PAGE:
Automation is fighting drought in Namibia

2nd October 2017
Posted By : Joe Bush
Automation is fighting drought in Namibia

Farmers in southern Africa are feeling the impact of consecutive seasons of drought. The battle against drought conditions is continuous as the region struggles to maintain a reliable water supply. For this reason, CP Automation has assisted Rockwell Automation to provide the necessary power equipment to pump water from deep, underground boreholes.

Eco Projects was undertaking a 17 month project in Windhoek, the capital of Namibia, to alleviate a critical water shortage. Using boreholes, a deep, narrow hole made in the ground to locate water, the client pumped water to various reservoirs. This is to provide an accessible store of water for Windhoek.

To power the pump system, Rockwell Automation delivered eight Allen-Bradley Powerflex 753 low voltage AC drives, varying from 250kW to 132kW. However, to use these Variable Speed Drives (VSDs) at depths of 150-250m, the company also needed to source sine wave filters. This is why the team reached out to CP Automation, which supplies and installs a range of sine wave filters for different applications.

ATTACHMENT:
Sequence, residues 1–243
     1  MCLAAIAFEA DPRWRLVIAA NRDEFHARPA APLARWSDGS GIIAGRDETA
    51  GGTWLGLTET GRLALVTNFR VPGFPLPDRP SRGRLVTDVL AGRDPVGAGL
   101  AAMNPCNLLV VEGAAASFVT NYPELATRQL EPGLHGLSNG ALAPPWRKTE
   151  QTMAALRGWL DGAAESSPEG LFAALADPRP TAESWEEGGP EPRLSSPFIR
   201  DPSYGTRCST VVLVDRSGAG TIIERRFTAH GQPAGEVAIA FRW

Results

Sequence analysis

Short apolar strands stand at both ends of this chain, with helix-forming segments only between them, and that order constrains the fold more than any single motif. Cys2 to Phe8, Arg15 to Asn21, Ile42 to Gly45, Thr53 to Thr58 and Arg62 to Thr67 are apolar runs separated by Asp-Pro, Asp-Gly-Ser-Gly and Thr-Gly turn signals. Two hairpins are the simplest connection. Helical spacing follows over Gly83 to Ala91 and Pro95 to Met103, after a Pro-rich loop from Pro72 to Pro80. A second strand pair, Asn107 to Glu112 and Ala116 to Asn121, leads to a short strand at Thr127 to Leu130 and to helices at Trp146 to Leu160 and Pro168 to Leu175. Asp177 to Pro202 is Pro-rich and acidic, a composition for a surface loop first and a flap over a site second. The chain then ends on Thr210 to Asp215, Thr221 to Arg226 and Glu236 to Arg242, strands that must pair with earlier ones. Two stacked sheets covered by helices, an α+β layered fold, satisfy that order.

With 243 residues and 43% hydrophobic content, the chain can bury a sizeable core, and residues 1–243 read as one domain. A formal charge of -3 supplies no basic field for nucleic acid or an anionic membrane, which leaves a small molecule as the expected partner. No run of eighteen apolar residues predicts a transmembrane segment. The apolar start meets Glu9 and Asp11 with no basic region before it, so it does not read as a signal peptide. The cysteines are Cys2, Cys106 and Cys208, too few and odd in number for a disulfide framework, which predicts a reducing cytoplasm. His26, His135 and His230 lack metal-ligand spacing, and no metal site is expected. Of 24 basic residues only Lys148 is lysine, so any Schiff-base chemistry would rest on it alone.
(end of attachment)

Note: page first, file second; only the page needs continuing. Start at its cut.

Sine wave filters are used where VSDs are installed with extremely long motor leads, as used with the depths of these boreholes. Due to an impedance mismatch, a portion of a high frequency wave is reflected back in the direction from which it arrived. When the reflected edges encounter other wave edges, their values add, causing voltage overshoots.

Sine filters reduce the edge steepness of the waves, meaning these edges can no longer accumulate. This prevents premature motor failure caused by damaging voltage overshoots.

“Without these sine wave filters, safety and power supply would be compromised,” explained John Mitchell, Global Business Development Manager at CP Automation. “The filters eliminate high frequency content and voltage peaks generated by the variable frequency drive, thereby reducing motor heating and extending the motor life. If these waves were not converted, voltage overshoots could have halted this incredibly important project for the Namibian community.”

“The long motor cable lengths meant the sine filters reduced parasitic capacitance,” said Carlo van Heerden, Engineering Solutions Manager of Eco Projects. “The VFDs and sine filters created a winning combination, allowing the motor to run safely at continuously adjustable speeds, with adjustable torque for varying mechanical loads.

“Working with CP Automation, and joining forces in the way we have, has meant that we could carry out this project safely and efficiently, helping the people of Namibia access reliable water supplies, with long term protection.”

CP Automation may be carrying out a second phase on the current boreholes later this year, involving the installation of harmonic filters to reduce voltage distortion and to keep transformers cool and efficient for a long time.


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